Friday, September 5, 2014
Tuesday, August 5, 2014
EBOLA, EBOLA, EBOLA! It has been said by most that the Ebola virus does not like soap and water. One has to come in close contact with a sick person with Ebola via sweat or other body fluids in order to be exposed to the Ebola virus. Does this include sex, kissing, hugging or just touching?
Ebola is a disease that really we (scientists) do not know. Yet it is being said that it is a very weak virus that can't really enter the human body if one knows hygiene, keeping clean with saop and water, something that is not hard for most of us and our friends to do. Using public bathrooms without washing hands, sometimes turning on the faucet, letting the water run without your fingers or hands getting wet. What about washing just one or two fingers in a restaurant after having been out there touching just about everybody and everything?
Carrier? We all are carriers in a sense that if we come into contact with Mrs. Ebola and do not practice sanitation (hygiene.)
Please do not take this as a promotion for Kaiser Memorial Cemetery, because it is not. But as an undertaker, as those of you who have dealt with us, we do not allow any above ground burials under any circumstances. The reason is tombs and graves that are above ground are a health risk for diseases. 97% of the tombs and graves in Liberia and I repeat myself are unprofessionally half-way built, not enclosed properly leaving some way for flies, bugs and other hazardous conditions for the living.
We need to educate our citizens to understand that respecting your loved one is not the big show, but a decent respectable burial location for their remains to rest in eternity.
Stop burying in tombs and graves that come above ground to impress your friends knowing you can't afford to give everlasting care.
We all love our dead and want to show it off, but my people, our dead loved us too and want us to go on until our number is called. Hygiene, hygiene, hygiene.
Thursday, June 27, 2013
Former Elko Police Capt. Aaron Hughes was sentenced Thursday to life in prison for incest. Hughes, 41, was arrested in 2008 and charged with incest and using a minor in the production of pornography after sheriff’s deputies found a video file of Hughes and a 17-year-old female relative engaging in sexual acts.
He accepted a plea deal from the district attorney’s office in January when he admitted to incest and the prosecution dropped the pornography charge.I'm glad that he is finally seeing justice. Life in prison is not a day too much for this sleezebag.
Sunday, March 17, 2013
So many are complaining since Decoration Day, March 13th of this year about not being able to find their loved ones' graves or finding them open without a body or casket in it or even finding someone else buried on top of them.Yet people are still choosing just anywhere as a burial site.
My people the high class program and grand repast is important, but the place you choose to have your mother, father, child, brother, sister, wife, husband, or dear friend is the most important. You need to be
able to find that grave many many years from now.
Liberia is very much still under development. Many areas will be in disarray pending the future development of the country. Don't let your love one's grave become a problem in the near future.
Stopped burying on your private property. Your farm, yard or a piece of land that you own is a no no. Think about it.
My people look around Liberia especially Monrovia. There are unattended graves everywhere that are being used for unbelievable activity.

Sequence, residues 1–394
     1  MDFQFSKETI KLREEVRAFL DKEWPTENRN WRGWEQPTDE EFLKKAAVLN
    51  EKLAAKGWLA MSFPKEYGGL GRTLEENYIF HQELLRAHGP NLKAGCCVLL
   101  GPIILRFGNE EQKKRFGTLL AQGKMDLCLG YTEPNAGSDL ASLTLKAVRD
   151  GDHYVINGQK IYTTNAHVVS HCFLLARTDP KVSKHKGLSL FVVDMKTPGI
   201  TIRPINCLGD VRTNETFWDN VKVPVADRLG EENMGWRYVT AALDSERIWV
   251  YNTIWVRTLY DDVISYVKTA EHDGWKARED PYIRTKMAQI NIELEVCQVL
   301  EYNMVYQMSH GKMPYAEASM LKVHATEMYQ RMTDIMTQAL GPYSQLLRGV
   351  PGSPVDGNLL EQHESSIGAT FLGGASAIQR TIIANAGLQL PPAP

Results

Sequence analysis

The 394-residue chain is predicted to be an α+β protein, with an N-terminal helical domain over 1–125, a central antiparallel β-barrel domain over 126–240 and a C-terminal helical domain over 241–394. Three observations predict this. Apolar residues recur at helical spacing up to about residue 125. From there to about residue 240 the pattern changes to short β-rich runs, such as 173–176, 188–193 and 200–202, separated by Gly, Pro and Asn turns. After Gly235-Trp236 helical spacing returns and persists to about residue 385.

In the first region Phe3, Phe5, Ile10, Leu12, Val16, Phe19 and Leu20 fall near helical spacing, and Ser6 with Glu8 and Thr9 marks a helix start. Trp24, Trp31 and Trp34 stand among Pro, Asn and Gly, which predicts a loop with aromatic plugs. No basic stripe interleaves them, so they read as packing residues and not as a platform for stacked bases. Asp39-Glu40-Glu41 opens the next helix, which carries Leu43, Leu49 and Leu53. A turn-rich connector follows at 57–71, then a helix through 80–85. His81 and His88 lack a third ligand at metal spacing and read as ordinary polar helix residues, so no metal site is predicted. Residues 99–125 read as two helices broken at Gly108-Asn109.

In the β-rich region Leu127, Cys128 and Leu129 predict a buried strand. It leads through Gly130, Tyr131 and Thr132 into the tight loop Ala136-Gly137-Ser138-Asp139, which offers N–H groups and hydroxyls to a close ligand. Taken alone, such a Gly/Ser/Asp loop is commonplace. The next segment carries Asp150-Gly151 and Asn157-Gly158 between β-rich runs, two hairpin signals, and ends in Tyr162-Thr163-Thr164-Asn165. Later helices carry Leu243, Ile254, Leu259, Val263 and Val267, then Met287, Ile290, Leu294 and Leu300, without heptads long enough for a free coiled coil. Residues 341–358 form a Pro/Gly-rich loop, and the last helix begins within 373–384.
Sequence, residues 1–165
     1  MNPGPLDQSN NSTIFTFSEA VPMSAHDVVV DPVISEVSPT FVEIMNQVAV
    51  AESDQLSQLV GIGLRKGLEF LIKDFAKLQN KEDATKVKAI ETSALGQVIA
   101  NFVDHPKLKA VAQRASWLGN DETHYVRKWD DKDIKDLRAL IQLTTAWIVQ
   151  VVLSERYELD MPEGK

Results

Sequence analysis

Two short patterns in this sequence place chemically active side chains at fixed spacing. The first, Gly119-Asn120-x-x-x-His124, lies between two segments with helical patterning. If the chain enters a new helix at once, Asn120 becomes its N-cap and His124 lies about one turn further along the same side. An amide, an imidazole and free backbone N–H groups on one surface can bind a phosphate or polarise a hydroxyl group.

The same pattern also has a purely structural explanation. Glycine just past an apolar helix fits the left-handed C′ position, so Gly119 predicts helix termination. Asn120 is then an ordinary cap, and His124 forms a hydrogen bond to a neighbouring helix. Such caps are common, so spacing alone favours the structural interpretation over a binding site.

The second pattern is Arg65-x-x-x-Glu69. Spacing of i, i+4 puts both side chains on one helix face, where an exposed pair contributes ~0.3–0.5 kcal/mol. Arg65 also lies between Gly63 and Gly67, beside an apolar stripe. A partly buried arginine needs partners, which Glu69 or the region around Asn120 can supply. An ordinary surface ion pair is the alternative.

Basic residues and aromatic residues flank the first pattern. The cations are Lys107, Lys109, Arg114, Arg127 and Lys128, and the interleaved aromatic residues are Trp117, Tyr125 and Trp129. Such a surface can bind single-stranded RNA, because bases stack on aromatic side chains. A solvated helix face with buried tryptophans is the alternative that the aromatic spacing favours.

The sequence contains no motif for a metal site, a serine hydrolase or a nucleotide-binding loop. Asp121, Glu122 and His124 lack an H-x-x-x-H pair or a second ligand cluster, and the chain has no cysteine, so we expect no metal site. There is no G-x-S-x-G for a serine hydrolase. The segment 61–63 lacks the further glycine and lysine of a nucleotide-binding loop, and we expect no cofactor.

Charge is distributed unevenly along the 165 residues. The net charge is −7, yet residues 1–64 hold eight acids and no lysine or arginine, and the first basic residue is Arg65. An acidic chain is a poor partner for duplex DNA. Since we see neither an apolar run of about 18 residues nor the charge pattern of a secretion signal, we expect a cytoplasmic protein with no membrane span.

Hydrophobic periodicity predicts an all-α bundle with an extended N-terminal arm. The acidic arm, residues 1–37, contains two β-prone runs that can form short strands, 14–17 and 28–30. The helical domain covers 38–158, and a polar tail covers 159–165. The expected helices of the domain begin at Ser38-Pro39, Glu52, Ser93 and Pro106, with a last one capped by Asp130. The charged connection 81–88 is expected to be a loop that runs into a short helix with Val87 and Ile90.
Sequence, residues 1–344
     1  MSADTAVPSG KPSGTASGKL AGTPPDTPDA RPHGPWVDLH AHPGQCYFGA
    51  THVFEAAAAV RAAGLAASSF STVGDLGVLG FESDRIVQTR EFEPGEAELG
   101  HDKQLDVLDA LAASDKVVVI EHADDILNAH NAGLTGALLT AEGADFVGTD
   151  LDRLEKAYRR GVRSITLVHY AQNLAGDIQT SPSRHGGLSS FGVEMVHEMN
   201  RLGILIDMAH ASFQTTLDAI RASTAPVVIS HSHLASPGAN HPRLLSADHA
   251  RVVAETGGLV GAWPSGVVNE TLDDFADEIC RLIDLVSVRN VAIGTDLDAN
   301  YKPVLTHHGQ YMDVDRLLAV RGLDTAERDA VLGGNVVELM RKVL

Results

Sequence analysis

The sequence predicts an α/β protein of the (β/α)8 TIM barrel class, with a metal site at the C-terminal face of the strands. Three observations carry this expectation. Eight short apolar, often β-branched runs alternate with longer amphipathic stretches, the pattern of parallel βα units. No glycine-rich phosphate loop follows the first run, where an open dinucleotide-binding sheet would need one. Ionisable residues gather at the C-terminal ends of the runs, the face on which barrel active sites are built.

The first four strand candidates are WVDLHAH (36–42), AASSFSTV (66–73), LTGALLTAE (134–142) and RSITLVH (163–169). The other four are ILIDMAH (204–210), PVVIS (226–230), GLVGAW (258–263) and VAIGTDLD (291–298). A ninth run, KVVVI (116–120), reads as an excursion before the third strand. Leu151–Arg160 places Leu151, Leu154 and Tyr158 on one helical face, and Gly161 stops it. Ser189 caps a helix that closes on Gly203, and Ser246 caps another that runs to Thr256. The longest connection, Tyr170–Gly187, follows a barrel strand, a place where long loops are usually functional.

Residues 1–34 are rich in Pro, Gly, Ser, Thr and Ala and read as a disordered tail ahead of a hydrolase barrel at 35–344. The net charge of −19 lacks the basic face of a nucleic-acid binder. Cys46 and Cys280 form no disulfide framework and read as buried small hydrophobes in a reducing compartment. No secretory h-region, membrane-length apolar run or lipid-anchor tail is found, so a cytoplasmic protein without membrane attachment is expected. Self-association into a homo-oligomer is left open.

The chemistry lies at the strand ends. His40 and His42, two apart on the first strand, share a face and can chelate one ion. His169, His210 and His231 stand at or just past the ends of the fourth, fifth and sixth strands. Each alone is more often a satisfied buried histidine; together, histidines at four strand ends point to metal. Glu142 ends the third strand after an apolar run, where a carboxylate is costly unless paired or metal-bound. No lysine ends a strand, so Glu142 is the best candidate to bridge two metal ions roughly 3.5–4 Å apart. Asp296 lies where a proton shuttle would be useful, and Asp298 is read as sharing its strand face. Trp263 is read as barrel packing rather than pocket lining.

Please bury your love ones at a clean maintained cemetery in a secure gave that would be around for over a hundred years.
Don"t let anyone tell you otherwise.
Your friends, the management and staff of Kaiser Memorial Lawn Cemetery.
Tuesday, January 8, 2013
together stays together. My brothers and I do not usually pray
together and live very far apart from each other. But we stay in
constant contact. We try to text each other every day, mostly to
talk about silly things. Our oldest brother H. Carey always starts
out with "how are you doing my dear little brother Tony" and ends with "I
love you very much." My brother Alex St. James' saying is "how are you
Higgins?" and ends with "take very good care of yourself." Love you. Just
thinking out loud...we do pray together.
Friday, December 7, 2012
This is a tribute to my late double cousin Sophie Laraine Minor. If I were asked to summarize your life all I would say is you were the number one family person. You loved your family and wanted only the best for them. I will miss your being my medical advocate. It is so sad to know that I will never talk to you again. You fought the battle and can't say you lost Cous, well done, you are with our Lord. I hope to meet you again. I remember when I was diagnosed with cancer, you gave me so much encouragement and told me what to eat and what not to do. You even called me on your breaks at work to see how I was doing and whether I was eating the right things. Thank you ya. Although I thought you were playing Aunty Dolly or my mom's role, it was all good. Cous, with all you were going through, you still found time to be there for your friends and especially your family. Our days in Paynesville at John and Dolly Minor's house and on Paynes Avenue at William and Alice Cisco's house; those were the days. We would have Bassa Dumpboy at your house and the cook at my parents' house would cook a mess like how Aunt Dolly and my mom would have called it. We got a kick out of it, your Monrovia College days, but most of all how you always looked forward to being someone. Sophie you did it. Even with the war and all the bad things that happened to our Country, you kept going. Now you are going away, gone ahead of us, leaving so many hearts torn apart. Your name is all over Monrovia and Paynesville, both Liberia and the United States.